Recapping the Road to Daredevil Nik Wallenda’s Walk Over Niagara Falls
Daredevil Nik Wallenda takes on Niagara Falls tonight in front of a live TV audience. Eyes all over the world will be watching as the stuntman crosses the Falls from the U.S. to Canada via tightrope. Will you?
33-year-old Nikolas Wallenda was born to walk the high wire. A seventh-generation Wallenda, of The Flying Wallenda family, Nik first stepped on a tightrope at age 2, began wire walking at age 4 and performed his first professional wire act at the age of 13. He proposed to his wife, Erendira, in the midst of a high wire act; they have three children now.
Wallenda has performed stunts around the world, amazing crowds and breaking Guinness World Records. He pretty much lives his life up there. So when he was asked what inspired him to attempt to walk across Niagara Falls, it's no surprise that, according to InfoNiagara, he quoted his great-grandfather, Karl Wallenda, who said, "Life is being on the wire; everything else is just waiting."
Wallenda has been waiting quite a while to walk a high wire over Niagara Falls. To attempt the stunt, he needed permission from governments on both sides of the Falls. But Wallenda was able to convince New York State and the province of Ontario that the walk would bring tourists and money to the area, and after a few hurdles and months and months of lobbying, he finally got permission, and the date was set: Friday, June 15, 2012.
Over the last few months, Wallenda has practiced for tonight's big event. He spent two weeks on a high wire in the Seneca Niagara Casino parking lot, and tourists could catch a peek. Since getting permission for the Falls walk, Wallenda has also made a walk over Baltimore's Inner Harbor, complete with what looked like a little slip, likely for dramatic purposes. Wallenda has acknowledged adding dramatic touches at times for entertainment.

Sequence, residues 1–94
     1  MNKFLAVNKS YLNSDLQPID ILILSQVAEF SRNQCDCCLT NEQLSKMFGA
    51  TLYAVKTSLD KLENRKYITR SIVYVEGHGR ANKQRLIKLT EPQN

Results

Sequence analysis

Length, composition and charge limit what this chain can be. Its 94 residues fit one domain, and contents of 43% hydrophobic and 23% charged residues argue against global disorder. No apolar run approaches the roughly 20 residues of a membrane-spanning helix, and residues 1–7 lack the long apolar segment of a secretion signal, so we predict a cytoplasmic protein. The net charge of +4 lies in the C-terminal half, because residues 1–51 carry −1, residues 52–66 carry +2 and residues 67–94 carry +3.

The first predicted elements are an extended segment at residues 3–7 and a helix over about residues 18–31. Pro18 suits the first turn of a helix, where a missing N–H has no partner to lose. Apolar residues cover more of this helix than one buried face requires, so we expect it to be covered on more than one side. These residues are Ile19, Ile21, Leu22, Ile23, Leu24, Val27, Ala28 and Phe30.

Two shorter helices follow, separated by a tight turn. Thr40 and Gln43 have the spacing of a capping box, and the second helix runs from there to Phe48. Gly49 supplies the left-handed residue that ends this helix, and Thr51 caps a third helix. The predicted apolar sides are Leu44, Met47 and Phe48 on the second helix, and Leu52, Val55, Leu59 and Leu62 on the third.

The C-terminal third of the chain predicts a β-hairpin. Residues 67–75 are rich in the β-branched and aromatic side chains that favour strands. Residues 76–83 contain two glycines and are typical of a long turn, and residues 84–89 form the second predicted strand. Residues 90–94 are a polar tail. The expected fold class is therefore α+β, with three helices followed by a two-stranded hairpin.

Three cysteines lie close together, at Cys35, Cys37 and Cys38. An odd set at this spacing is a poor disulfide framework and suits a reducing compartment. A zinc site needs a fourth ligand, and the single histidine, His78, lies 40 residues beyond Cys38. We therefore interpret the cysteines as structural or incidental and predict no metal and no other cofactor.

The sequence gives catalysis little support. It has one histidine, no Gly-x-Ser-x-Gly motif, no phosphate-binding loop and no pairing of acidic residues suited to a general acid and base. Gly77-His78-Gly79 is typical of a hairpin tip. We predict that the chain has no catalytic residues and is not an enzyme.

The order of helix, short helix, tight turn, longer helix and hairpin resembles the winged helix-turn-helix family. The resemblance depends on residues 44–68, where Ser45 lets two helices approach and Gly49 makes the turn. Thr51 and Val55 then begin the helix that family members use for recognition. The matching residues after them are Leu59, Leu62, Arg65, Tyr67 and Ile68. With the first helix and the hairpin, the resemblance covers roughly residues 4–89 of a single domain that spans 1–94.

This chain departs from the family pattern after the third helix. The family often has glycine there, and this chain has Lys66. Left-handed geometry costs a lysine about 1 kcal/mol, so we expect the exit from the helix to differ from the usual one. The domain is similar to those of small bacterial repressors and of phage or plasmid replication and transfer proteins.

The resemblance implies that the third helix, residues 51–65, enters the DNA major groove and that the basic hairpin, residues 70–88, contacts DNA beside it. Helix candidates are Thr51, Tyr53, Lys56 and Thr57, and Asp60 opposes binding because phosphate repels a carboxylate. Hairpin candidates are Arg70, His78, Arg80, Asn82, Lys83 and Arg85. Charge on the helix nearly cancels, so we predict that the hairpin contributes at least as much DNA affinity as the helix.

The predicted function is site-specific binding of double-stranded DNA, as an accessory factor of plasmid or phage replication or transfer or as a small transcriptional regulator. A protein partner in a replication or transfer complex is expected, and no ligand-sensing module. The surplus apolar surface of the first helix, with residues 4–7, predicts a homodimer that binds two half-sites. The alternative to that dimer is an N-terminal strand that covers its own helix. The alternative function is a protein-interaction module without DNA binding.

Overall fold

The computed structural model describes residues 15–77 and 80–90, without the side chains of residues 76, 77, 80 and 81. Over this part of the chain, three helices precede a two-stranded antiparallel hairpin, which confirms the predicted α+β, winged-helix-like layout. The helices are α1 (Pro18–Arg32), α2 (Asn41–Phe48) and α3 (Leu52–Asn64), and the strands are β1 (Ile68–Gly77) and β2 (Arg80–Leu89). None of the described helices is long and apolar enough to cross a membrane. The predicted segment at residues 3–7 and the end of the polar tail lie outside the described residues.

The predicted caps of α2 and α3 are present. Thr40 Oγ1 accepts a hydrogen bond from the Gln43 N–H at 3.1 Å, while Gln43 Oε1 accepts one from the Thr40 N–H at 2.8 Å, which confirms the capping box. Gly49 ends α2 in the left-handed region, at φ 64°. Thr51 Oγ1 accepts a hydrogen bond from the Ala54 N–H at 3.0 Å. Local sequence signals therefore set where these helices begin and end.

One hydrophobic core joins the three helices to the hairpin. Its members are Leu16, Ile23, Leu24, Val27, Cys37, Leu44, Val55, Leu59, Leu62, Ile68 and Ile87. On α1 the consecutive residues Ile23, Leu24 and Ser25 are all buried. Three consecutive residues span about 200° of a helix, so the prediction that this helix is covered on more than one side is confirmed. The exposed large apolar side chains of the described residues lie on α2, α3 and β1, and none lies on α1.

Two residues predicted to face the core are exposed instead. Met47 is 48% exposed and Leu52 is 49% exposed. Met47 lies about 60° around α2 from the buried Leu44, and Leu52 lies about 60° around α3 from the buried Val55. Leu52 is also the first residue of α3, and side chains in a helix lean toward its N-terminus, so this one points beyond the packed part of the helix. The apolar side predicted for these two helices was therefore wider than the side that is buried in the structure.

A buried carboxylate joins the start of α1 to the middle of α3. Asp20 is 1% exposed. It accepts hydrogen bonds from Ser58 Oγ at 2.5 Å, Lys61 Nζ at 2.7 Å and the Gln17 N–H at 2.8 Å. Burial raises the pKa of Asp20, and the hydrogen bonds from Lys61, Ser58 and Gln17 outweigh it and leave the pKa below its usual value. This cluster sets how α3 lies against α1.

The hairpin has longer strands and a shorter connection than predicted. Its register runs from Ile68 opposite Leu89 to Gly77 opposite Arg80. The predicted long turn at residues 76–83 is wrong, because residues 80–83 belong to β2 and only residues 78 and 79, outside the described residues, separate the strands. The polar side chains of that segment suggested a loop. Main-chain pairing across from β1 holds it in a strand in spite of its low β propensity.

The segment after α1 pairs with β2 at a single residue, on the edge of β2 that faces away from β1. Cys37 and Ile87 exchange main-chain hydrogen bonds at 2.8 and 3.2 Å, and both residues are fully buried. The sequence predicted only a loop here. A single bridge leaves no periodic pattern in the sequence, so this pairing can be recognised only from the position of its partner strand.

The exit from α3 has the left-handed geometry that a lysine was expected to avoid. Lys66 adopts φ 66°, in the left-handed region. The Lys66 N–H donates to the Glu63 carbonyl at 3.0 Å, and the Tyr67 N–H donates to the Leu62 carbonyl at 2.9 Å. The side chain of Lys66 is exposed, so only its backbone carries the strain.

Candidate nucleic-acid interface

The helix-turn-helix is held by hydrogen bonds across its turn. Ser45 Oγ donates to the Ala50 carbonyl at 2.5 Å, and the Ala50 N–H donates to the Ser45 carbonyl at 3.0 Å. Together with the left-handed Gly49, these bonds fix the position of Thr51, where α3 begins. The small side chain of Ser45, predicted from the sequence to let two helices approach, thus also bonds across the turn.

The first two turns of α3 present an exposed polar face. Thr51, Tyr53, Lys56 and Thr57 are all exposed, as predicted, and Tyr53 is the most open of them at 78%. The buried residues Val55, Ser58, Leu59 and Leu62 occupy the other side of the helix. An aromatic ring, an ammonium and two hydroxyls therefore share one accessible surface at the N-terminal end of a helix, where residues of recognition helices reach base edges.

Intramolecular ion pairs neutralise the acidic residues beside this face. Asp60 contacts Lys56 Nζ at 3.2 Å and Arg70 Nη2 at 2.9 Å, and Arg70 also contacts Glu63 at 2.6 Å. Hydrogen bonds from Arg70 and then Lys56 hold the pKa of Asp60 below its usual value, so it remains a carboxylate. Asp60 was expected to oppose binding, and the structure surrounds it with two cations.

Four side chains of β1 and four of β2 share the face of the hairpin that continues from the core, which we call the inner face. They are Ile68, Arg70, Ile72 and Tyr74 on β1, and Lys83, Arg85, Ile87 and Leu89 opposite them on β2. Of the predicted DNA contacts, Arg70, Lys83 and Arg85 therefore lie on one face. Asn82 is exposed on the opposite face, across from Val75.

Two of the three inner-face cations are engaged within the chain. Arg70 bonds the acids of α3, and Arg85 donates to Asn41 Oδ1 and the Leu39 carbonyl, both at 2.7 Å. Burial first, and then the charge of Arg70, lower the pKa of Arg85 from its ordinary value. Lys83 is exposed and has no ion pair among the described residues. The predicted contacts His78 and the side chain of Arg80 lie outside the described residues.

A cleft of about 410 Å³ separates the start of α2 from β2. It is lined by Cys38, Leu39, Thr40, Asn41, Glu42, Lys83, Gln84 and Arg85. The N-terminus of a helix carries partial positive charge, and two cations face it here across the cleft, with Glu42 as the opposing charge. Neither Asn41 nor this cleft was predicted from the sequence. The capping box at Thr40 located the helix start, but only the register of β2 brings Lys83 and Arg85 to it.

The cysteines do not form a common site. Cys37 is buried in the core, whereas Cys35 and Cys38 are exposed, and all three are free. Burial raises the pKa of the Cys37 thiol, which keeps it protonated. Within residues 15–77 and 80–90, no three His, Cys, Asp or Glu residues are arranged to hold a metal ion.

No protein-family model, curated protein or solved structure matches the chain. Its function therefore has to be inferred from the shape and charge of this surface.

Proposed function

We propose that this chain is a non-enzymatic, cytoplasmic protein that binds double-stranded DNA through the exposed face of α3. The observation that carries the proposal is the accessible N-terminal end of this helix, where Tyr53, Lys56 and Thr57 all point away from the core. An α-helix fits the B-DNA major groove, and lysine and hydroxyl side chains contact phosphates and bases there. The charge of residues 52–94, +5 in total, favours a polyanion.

When Wallenda steps out onto the tightrope this evening, despite his own obejections, he is expected to be wearing a tether for safety reasons. Sponsors, including ABC, who will be broadcasting the walk live, demanded the safety precaution. However, Wallenda has said that if the tether becomes a bother, he will take it off.
At one point, when Wallenda had difficulty attracting sponsors, he began asking for donations. He was looking for $50 thousand to cover the cost of staging the event. In return, those who donated could receive anything from an exclusive photo to a backyard wire-walking lesson.
The wire for tonight's walk was installed across the Falls earlier this week. The process of putting the nearly-8-ton cable in place took several days, a large crew and a helicopter, as well as lots of other heavy machinery.
Tickets for tonight's event were handed out free of charge -- yes, free. About two weeks ago, the first 4,000 people who managed to get vouchers online or via phone came away with passes to see Wallenda make history. The tickets were gone in minutes but have since been turning up on resale websites for big bucks.
Tonight's event is making headlines around the world -- perhaps because of the wonder of Niagara Falls. Maybe because a stunt like this one has never been tried before so close to the brink of the Falls. Or maybe because we all -- including Wallenda himself, who lost his grandfather during a walk in Puerto Rico -- realize the risk involved in attempting such a feat.